Maroon Shoes

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It’s been four years since my father left us. He disappeared off the face of the earth without warning, leaving my mother and me to fend for ourselves. Now, to be completely honest here, I never really developed much of a bond with him anyways, so the separation between us has had only a microscopic impact on my life. Even so, there are things that I wish I could know about him; after all, he is still my father. Unfortunately, my mother disagrees; she always disagrees.
She makes a point that knowing about my father’s life would not benefit me as a teenager, but I never said it would. I simply believe that it is my right to know the one who’s responsible for my flaws. I have hypothesized that my father is to blame for my inconformity to rules and terrible memory. I mean, he left us when I was eight and I can only remember his name; the name of whom has been prohibited in this household. Even in knowing his name, it doesn’t do me any good. He didn’t have many friends in Portland, Oregon, and there seems to be no record of him anywhere; I’ve checked.
I suppose that the reason why my mom refuses to talk about my dad is that she is afraid that I will run off on a crazy adventure to find him. Maybe she figures that if she hides it from me, I will forget and lose the desire to know. But, my poor mother, I cannot just give up on something as important as this. It means too much to me to quit.
Another flaw.
I have the stubbornness of a bull and am as selfish as a cat.

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It seems that the fights between my mom and I have become almost a daily occurrence, though, I usually do most of the arguing. My mother is one of the quietest and calmest people I have ever met. She manages to never raise her voice, even if she is fur...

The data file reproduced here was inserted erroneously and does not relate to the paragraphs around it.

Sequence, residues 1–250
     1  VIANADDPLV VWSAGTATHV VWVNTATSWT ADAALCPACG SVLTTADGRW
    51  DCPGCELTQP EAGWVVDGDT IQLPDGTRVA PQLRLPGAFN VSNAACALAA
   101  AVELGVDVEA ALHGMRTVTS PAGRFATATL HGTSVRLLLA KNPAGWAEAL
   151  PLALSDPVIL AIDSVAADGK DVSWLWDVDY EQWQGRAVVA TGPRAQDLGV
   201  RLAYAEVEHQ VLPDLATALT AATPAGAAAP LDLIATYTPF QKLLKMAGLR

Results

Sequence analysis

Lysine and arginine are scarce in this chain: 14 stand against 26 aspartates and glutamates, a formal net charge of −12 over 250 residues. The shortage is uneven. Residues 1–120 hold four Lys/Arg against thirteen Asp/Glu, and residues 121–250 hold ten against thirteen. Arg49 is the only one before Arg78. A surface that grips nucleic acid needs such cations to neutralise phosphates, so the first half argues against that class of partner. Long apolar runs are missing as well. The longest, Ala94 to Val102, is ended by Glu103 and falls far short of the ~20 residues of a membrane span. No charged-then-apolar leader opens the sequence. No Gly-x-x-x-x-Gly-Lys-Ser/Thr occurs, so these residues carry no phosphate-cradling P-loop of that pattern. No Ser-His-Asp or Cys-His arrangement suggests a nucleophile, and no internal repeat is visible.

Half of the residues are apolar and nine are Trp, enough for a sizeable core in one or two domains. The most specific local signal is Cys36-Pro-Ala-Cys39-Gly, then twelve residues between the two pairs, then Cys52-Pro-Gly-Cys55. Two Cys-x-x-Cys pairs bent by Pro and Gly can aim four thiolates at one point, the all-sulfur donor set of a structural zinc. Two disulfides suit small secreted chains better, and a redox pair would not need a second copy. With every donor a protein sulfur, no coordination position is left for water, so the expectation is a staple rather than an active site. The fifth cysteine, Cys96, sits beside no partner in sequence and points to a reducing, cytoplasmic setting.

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... I can’t help but blame my dad for the way I’ve acted since he left. I feel like I am trying to fill his place; act the way he would if he were here.
I think, maybe, I’m starting to realize that I can never fill his place, and maybe that’s a good thing. I don’t think he would want me trying to be someone I am not. If I were to fill his place, that would mean that I have to be a rule-breaker all the time. I don’t think I could do that. Honestly, I am tired of being a rule-breaker. Sometimes I want to do as I’m told and stop putting on a show. I’m tired of being something I am not.
And at that moment, without another thought, I grabbed the maroon shoes and hurled them into the lake. The shoelaces waved wildly in the air, grabbing at the wind to save them. Then, the little waves engulfed the shoes and pulled them under, inch-by-inch. Soon they were gone; only a memory.
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